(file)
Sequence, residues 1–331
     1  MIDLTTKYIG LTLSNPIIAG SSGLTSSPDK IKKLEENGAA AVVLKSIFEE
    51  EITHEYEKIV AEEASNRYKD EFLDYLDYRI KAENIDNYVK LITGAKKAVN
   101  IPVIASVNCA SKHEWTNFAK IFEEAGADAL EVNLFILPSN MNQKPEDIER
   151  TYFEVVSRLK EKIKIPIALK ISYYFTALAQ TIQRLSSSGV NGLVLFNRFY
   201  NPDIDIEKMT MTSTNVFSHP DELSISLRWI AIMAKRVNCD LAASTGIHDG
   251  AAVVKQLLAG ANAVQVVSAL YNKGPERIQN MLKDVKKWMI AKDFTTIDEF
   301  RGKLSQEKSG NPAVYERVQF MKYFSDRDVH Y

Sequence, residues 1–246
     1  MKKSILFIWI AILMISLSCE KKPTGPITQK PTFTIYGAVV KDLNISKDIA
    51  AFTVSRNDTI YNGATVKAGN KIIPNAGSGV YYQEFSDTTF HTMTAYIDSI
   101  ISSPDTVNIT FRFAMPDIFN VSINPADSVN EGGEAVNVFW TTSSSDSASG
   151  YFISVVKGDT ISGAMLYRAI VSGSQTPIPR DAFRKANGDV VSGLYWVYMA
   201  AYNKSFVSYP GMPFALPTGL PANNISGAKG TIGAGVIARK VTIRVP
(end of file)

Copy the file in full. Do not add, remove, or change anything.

Sequence, residues 1–331
     1  MIDLTTKYIG LTLSNPIIAG SSGLTSSPDK IKKLEENGAA AVVLKSIFEE
    51  EITHEYEKIV AEEASNRYKD EFLDYLDYRI KAENIDNYVK LITGAKKAVN
   101  IPVIASVNCA SKHEWTNFAK IFEEAGADAL EVNLFILPSN MNQKPEDIER
   151  TYFEVVSRLK EKIKIPIALK ISYYFTALAQ TIQRLSSSGV NGLVLFNRFY
   201  NPDIDIEKMT MTSTNVFSHP DELSISLRWI AIMAKRVNCD LAASTGIHDG
   251  AAVVKQLLAG ANAVQVVSAL YNKGPERIQN MLKDVKKWMI AKDFTTIDEF
   301  RGKLSQEKSG NPAVYERVQF MKYFSDRDVH Y

Sequence, residues 1–246
     1  MKKSILFIWI AILMISLSCE KKPTGPITQK PTFTIYGAVV KDLNISKDIA
    51  AFTVSRNDTI YNGATVKAGN KIIPNAGSGV YYQEFSDTTF HTMTAYIDSI
   101  ISSPDTVNIT FRFAMPDIFN VSINPADSVN EGGEAVNVFW TTSSSDSASG
   151  YFISVVKGDT ISGAMLYRAI VSGSQTPIPR DAFRKANGDV VSGLYWVYMA
   201  AYNKSFVSYP GMPFALPTGL PANNISGAKG TIGAGVIARK VTIRVP